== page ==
su directive logrotate

Wednesday, July 24, 2013 » debian, logrotate

Preamble

If the parent directory for logging is world writable and not owned by root logrotate needs to know what user should be used to rotate.

Log Dir


me@vm#ls -al /var/log/myapp/
total 1728
drwxrwxrwx  2 appuser appuser   4096 Jul 24 13:45 .

My logrotate:


/var/log/myapp/*.log {

    weekly
    rotate 4
    compress

    delaycompress
    missingok
    create 644 appuser appuser
}

Manual logrotate

/usr/sbin/logrotate --verbose /etc/logrotate.conf

Looks Like


rotating pattern: /var/log/myapp/*.log  weekly (4 rotations)
empty log files are rotated, old logs are removed
considering log /var/log/myapp/default.log

error: skipping "/var/log/myapp/default.log" because parent directory has insecure permissions
(It's world writable or writable by group which is not "root") Set "su" directive in 
config file to tell logrotate which user/group should be used for rotation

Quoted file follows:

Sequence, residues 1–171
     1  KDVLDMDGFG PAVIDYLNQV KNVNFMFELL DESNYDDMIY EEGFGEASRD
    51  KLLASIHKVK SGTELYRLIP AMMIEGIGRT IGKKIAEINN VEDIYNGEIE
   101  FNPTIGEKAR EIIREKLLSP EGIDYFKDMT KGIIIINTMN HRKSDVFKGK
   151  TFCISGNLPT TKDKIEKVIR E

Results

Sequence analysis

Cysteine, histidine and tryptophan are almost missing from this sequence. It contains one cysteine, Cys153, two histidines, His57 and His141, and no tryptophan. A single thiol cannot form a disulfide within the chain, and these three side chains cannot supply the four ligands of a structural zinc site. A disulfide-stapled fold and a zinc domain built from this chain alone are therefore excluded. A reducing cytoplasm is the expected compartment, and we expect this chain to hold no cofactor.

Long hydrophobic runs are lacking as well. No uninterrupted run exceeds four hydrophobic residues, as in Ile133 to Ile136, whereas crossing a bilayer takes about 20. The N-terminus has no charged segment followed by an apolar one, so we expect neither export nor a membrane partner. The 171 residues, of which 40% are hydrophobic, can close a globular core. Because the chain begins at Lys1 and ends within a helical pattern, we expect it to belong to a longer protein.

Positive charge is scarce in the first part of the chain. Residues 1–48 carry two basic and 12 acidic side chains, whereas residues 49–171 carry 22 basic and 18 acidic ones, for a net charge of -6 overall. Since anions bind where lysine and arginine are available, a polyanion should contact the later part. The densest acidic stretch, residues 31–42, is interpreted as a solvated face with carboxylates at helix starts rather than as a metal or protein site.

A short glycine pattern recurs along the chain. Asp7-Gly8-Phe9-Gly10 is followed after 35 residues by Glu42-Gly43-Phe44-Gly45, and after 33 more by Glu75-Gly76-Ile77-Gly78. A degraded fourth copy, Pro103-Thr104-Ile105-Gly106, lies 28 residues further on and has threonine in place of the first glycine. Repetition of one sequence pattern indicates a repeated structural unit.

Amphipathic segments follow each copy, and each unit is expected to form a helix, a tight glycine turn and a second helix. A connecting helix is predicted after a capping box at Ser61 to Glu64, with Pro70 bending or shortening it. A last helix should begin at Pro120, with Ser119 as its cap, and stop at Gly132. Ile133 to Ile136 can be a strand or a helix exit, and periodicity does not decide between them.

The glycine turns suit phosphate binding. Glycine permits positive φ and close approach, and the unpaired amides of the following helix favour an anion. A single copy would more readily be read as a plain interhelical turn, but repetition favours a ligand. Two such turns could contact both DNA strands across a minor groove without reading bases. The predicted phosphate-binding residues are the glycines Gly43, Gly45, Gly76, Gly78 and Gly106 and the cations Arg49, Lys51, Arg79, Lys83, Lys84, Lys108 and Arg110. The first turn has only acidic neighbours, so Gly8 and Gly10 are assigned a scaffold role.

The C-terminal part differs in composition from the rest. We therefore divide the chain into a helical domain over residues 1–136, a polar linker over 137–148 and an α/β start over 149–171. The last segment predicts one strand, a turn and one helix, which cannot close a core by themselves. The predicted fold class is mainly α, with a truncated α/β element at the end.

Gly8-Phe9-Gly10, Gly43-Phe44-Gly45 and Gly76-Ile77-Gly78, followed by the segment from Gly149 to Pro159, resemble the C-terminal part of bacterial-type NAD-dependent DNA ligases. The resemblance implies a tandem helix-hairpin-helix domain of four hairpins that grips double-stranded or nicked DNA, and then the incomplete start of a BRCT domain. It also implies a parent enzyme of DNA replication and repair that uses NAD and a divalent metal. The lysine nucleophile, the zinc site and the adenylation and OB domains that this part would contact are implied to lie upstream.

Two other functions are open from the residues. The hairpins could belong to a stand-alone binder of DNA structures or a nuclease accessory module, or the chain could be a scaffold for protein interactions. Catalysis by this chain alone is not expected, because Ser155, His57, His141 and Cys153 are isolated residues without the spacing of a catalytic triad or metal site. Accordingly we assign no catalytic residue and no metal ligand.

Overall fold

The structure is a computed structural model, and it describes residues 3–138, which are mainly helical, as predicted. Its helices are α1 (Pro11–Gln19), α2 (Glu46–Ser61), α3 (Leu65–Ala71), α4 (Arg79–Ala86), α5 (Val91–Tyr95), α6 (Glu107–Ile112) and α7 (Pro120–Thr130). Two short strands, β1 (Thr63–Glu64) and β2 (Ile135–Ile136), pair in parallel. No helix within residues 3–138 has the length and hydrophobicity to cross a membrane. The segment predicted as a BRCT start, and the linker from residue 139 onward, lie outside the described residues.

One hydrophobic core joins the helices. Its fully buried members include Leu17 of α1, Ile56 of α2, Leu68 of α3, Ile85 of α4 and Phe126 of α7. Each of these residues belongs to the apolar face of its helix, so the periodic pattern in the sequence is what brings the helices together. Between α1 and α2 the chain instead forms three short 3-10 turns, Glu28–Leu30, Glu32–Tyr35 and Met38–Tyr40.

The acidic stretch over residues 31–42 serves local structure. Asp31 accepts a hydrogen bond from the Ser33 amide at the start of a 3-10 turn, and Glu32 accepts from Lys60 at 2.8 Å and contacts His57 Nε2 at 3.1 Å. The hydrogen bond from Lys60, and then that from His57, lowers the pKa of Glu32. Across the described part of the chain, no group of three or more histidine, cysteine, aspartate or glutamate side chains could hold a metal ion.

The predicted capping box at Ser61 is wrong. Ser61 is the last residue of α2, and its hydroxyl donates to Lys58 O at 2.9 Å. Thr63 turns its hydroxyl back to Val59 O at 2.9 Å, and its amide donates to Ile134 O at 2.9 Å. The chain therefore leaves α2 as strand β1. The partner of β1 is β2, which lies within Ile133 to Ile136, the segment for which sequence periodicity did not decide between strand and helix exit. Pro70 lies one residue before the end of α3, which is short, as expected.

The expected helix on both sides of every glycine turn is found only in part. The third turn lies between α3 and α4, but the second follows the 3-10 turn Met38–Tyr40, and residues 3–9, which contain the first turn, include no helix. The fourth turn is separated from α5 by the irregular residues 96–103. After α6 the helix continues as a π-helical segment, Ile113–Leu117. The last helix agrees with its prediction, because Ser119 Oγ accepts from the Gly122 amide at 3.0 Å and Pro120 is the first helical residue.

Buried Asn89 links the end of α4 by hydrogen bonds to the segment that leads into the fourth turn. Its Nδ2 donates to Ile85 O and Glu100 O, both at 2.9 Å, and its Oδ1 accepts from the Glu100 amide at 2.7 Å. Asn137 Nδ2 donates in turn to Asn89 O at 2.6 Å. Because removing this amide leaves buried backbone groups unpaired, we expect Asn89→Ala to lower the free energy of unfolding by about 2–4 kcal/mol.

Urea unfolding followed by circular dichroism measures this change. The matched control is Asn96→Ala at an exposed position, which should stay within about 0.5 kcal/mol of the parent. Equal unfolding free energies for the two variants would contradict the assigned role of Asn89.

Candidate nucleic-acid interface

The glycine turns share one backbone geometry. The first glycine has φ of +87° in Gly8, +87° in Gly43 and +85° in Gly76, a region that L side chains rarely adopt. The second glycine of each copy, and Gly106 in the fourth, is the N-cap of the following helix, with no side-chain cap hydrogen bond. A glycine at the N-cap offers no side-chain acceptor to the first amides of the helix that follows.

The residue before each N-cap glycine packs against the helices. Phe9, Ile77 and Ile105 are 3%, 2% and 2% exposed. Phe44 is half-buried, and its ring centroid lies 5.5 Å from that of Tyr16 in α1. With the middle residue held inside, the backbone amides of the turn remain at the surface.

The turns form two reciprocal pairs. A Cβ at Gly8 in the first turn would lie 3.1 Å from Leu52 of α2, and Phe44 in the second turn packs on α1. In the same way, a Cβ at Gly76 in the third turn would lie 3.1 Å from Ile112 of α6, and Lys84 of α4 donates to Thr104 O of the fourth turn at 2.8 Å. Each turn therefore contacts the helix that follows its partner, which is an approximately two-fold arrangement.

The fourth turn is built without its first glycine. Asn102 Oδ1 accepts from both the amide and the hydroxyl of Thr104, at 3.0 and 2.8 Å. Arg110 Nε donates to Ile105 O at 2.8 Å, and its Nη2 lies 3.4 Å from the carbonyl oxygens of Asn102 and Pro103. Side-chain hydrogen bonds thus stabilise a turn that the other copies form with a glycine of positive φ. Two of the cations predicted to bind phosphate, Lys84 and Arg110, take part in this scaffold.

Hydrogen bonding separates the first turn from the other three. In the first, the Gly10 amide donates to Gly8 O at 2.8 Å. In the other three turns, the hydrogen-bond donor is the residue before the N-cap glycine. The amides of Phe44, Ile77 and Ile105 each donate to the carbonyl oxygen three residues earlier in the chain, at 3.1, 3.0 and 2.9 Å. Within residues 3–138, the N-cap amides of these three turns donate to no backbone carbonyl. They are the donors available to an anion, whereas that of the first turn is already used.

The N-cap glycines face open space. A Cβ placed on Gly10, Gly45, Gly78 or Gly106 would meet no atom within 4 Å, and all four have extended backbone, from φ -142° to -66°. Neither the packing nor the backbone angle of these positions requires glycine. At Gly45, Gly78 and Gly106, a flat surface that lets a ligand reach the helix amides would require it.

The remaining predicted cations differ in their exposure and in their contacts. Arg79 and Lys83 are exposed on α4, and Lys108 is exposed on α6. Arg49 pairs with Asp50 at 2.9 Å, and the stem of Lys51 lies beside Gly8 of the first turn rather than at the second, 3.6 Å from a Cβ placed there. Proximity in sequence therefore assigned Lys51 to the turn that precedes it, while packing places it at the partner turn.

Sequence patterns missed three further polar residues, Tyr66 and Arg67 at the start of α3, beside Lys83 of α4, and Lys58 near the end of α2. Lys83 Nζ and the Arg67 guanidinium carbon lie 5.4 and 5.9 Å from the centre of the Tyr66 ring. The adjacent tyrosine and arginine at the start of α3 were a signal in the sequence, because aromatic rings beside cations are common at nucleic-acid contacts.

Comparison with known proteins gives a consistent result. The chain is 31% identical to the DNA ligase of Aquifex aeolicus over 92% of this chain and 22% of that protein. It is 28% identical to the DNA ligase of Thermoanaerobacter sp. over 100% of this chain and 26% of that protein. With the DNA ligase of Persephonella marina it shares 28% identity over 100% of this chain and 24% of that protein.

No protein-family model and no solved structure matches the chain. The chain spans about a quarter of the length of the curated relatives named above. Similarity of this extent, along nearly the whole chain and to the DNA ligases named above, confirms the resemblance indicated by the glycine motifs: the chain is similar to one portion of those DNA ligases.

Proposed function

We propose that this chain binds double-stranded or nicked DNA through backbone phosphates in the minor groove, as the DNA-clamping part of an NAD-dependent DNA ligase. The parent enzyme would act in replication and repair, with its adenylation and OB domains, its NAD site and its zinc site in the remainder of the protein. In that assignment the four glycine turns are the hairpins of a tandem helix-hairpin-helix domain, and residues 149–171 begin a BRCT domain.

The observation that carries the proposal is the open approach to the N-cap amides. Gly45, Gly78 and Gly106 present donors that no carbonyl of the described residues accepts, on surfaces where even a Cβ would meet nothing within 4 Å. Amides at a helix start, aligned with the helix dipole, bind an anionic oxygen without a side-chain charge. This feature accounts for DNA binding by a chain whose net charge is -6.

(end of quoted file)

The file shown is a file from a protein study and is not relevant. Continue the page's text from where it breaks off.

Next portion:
Telling logrotate to do the 'right thing'


/var/log/myapp/*.log {
    su appuser appuser #<--NEW
    weekly
    rotate 4
    compress

    delaycompress
    missingok
    create 644 appuser appuser
}

Manually running logrotate post fix


rotating pattern: /var/log/myapp/*.log  weekly (4 rotations)
empty log files are rotated, old logs are removed
switching euid to 108 and egid to 108
considering log /var/log/myapp/default.log
  log needs rotating

Other solution

Depending on why you need the above permissions on your log directory. This
may not be the way to go. But if you can less permissive is always better.

chmod 0640 /var/log/myapp/

Reference

logrotate man